Monday, November 9, 2009

The Noble Nombles

We visited George Washington's Mt. Vernon estate today. The house and grounds were beautiful; and the tours and museum exhibits were educational. But one of the best things I got out of the trip was a copy of Martha Washington's A Booke of Cookery and Booke of Sweetmeats, which I found in one of the gift shops. I'm only a few pages (and some random recipe browsing) in, but it's already an engaging read - as both a food history (both the introduction and the recipe notes are very well done) and an historical recipe book.

While I won't be preparing this dish anytime soon (though it sounds delicious), it turns out that humble pie began as anything but. As Karen Hess explains in her gloss of the recipe,
    [t]he humbles are the heart, liver and other organs of the deer. The word comes from Old French nombles...OED is firm; humbles is an occasional spelling of umbles, itself a later form of numbles....In due time, umbles became confused with humble, meaning meek or lowly. There is no basis for this in early culinary history. Indeed, noumbles was a royal dish, and recipes appear in The Forme of Cury, about 1390, which was compiled by the master cooks to Richard II. The earliest citing of humble pie in the figurative sense of suffering humiliation is given in OED for 1830.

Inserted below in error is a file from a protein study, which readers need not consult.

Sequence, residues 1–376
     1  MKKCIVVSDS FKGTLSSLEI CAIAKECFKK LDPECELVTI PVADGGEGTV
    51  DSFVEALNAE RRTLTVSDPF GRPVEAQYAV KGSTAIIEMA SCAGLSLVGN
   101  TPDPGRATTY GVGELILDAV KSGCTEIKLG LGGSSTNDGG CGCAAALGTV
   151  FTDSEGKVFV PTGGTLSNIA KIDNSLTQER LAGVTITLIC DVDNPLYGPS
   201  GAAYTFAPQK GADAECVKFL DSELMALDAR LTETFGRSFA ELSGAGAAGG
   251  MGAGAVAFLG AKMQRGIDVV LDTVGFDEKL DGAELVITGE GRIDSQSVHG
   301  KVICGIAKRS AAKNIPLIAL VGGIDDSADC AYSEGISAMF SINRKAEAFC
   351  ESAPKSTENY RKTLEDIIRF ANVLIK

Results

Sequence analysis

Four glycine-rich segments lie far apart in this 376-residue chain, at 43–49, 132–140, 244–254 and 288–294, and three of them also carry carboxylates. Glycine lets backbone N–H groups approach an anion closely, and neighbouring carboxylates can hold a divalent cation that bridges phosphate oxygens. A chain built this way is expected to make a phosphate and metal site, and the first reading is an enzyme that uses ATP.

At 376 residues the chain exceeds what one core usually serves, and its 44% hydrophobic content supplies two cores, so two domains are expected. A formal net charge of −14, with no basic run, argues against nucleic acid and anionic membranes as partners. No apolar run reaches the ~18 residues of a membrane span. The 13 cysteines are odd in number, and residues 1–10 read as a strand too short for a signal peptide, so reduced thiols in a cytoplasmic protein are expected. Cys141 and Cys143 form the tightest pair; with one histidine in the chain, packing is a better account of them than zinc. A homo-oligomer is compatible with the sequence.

Though historian Richard E. Barkley has declared that "[t]o eat humble pie is in no way related to the food Umble pie," Hess hypothesizes that "[p]erhaps the substitution of pluck [the innards of any animal used as food] from other beasts, as evidenced in our manuscript, gradually lowered the status of the dish and so contributed to the figurative meaning, already prepared for by the homonyms umbles and humbles."

Herewith, the original recipe:
    Take ye humbles of a deere, or a calves heart, or pluck, or a sheep's heart; perboyle it, & when it is colde, shread it small with beefe suet, & season it with cloves, mace, nutmegg & ginger beaten small; & mingle with it currans, verges & salt; put all into ye pie & set it in the oven an houre; then take it out, cut it up & put in some clarret wine, melted butter & sugar beat together. then cover it a little & serve it.
Finally, here's the loveliest piece of humble pie that comes to mind.

UPDATE (24 Nov.): These charming, ambulatory nombles holders currently live on the Mt. Vernon estate:

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